Recombinant factor VIIa for the prevention and treatment of bleeding in patients without haemophilia

The purpose of this review was to evaluate the evidence of effectiveness and safety for the use of recombinant factor VIIa (rFVIIa). This drug has been used in patients who are either at risk of major bleeding (e.g. because of planned high-risk surgery), or who have uncontrolled bleeding (e.g. related to trauma). There have been many articles in the literature describing the off-license use of this drug, which often suggest benefit. However, most of the publications are based on small numbers of patients (in case reports or case series) and may be affected by bias. Randomised controlled trials provide higher-quality research findings and allow us to assess the evidence of drug effectiveness with more certainty.

This review included 29 randomised controlled trials with 4290 patients. The trials showed modest reductions in total blood loss or red cells transfused (equivalent to less than one unit of red cell transfusion) with the use of rFVIIa. However, the reductions were likely to be overestimated due to the limitations of the data. We also observed an increase in the risk of having a blood clot in the arteries (such as a heart attack or stroke) in those patients receiving rFVIIa. When taken together, the data supporting the off-license use of recombinant FVIIa are weak. The use of rFVIIa outside its current licensed indications should be restricted to clinical trials.

Authors' conclusions: 

The effectiveness of rFVIIa as a more general haemostatic drug, either prophylactically or therapeutically, remains unproven. The results indicate increased risk of arterial events in patients receiving rFVIIa. The use of rFVIIa outside its current licensed indications should be restricted to clinical trials.

Read the full abstract...

Recombinant factor VIIa (rFVIIa) is licensed for use in patients with haemophilia and inhibitory allo-antibodies and for prophylaxis and treatment of patients with congenital factor VII deficiency. It is also used for off-license indications to prevent bleeding in operations where blood loss is likely to be high, and/or to stop bleeding that is proving difficult to control by other means. This is the third version of the 2007 Cochrane review on the use of recombinant factor VIIa for the prevention and treatment of bleeding in patients without haemophilia, and has been updated to incorporate recent trial data.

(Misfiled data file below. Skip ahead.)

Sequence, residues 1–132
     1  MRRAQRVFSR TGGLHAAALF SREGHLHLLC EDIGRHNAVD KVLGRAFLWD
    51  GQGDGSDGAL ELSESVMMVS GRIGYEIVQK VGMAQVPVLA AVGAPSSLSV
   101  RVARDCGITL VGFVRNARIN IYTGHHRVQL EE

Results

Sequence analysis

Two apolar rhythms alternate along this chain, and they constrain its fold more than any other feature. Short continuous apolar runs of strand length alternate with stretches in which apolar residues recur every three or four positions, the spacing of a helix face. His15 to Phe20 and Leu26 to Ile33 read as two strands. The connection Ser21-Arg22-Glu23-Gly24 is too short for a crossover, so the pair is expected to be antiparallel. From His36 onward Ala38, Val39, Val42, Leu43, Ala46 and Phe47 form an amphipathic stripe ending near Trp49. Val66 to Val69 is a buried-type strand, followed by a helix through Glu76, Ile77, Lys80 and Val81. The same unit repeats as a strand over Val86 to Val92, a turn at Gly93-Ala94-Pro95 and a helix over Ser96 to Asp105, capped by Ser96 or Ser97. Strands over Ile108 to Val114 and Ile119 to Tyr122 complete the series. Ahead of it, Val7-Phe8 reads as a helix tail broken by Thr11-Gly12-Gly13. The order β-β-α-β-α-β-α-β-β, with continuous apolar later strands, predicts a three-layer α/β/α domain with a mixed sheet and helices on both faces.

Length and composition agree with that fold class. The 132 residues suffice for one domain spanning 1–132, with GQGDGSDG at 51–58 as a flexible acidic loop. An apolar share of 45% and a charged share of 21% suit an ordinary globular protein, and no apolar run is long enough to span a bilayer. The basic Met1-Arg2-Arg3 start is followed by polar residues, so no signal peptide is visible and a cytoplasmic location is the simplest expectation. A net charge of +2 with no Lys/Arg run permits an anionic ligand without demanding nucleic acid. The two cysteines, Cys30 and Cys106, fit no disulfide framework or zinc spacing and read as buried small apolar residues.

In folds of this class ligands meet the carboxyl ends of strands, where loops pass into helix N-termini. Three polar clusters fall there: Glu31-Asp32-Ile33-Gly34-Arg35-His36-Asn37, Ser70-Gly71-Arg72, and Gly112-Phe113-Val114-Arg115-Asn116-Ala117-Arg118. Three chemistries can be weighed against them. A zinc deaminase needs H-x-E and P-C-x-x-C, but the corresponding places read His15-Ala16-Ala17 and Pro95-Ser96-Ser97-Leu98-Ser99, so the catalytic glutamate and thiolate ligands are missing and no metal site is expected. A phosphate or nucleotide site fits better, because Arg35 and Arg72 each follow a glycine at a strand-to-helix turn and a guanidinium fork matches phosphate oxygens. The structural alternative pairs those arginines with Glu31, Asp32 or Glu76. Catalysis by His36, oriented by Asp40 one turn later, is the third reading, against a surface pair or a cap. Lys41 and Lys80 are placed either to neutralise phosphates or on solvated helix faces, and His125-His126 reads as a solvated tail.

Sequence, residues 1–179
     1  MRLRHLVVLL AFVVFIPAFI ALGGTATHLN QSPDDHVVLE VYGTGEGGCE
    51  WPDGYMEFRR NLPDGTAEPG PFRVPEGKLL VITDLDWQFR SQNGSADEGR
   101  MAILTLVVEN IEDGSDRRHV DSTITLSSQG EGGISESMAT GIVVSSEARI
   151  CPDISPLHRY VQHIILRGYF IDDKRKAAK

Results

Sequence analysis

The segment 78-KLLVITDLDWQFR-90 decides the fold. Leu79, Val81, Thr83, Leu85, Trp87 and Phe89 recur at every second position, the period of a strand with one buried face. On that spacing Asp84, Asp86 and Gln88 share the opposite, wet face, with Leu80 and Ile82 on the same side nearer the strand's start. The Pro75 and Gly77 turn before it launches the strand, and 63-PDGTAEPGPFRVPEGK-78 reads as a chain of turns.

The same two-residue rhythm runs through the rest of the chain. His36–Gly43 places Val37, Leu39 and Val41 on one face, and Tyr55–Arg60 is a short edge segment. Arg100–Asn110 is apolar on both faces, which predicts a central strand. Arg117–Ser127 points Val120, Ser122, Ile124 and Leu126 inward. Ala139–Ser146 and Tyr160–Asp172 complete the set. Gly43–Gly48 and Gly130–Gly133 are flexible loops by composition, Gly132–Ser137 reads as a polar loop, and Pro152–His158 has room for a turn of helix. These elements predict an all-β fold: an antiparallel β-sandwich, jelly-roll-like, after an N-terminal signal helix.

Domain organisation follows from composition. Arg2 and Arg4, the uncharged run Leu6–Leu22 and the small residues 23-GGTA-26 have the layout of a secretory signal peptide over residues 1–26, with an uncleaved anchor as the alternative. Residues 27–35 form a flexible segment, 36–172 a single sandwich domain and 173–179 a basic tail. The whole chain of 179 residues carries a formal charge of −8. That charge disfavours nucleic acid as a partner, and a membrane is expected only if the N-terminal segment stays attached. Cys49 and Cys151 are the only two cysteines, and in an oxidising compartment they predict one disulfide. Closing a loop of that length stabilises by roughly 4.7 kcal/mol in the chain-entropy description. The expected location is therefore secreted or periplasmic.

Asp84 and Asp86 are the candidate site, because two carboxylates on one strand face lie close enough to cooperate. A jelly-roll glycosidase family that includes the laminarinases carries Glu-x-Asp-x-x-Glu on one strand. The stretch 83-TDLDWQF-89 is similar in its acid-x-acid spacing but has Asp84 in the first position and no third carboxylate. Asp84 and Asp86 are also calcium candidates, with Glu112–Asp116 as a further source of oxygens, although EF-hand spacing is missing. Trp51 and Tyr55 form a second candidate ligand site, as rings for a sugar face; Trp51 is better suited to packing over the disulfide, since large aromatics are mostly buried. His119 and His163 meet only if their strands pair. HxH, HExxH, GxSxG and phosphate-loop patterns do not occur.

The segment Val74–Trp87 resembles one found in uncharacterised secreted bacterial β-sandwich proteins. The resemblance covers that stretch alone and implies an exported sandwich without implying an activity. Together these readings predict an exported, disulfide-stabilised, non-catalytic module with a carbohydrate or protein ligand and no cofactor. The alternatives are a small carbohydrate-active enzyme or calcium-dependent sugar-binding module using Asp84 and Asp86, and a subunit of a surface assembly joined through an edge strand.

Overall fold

To assess the effectiveness of rFVIIa when used therapeutically to control active bleeding or prophylactically to prevent (excessive) bleeding in patients without haemophilia.

Search strategy: 

We searched the Cochrane Central Register of Controlled Trials (CENTRAL), MEDLINE, EMBASE and other medical databases up to 23 March 2011.

Selection criteria: 

Randomised controlled trials (RCTs) comparing rFVIIa with placebo, or one dose of rFVIIa with another, in any patient population (except haemophilia). Outcomes were mortality, blood loss or control of bleeding, red cell transfusion requirements, number of patients transfused and thromboembolic adverse events.

Data collection and analysis: 

Two authors independently assessed potentially relevant studies for inclusion, extracted data and examined risk of bias. We considered prophylactic and therapeutic rFVIIa studies separately.

Main results: 

Twenty-nine RCTs were included: 28 were placebo-controlled, double-blind RCTs and one compared different doses of rFVIIa. In the 'Risk of bias' assessment, most studies were found to have some threats to validity although therapeutic RCTs were found to be less prone to bias than prophylactic RCTs.

Sixteen trials involving 1361 participants examined the prophylactic use of rFVIIa; 729 received rFVIIa. There was no evidence of mortality benefit (risk ratio (RR) 1.04; 95% confidence interval (CI) 0.55 to 1.97). There was decreased blood loss (mean difference (MD) -297 mL; 95% CI -416 to -178) and decreased red cell transfusion requirements (MD -261 mL; 95% CI -367 to -154) with rFVIIa treatment; however, these values were likely overestimated due to the inability to incorporate data from trials (four RCTs in the outcome of blood loss and three RCTs in the outcome of transfusion requirements) showing no difference of rFVIIa treatment compared to placebo. There was a trend in favour of rFVIIa in the number of participants transfused (RR 0.85; 95% CI 0.72 to 1.01). However, there was a trend against rFVIIa with respect to thromboembolic adverse events (RR 1.35; 95% CI 0.82 to 2.25).

Thirteen trials involving 2929 participants examined the therapeutic use of rFVIIa; 1878 received rFVIIa. There were no outcomes where any observed advantage or disadvantage of rFVIIa over placebo could not have been observed by chance alone. There was a trend in favour of rFVIIa for reducing mortality (RR 0.91; 95% CI 0.78 to 1.06). However, there was a trend against rFVIIa for increased thromboembolic adverse events (RR 1.14; 95% CI 0.89 to 1.47).

When all trials were pooled together to examine the risk of thromboembolic events, a significant increase in total arterial events was observed (RR 1.45; 95% CI 1.02 to 2.05).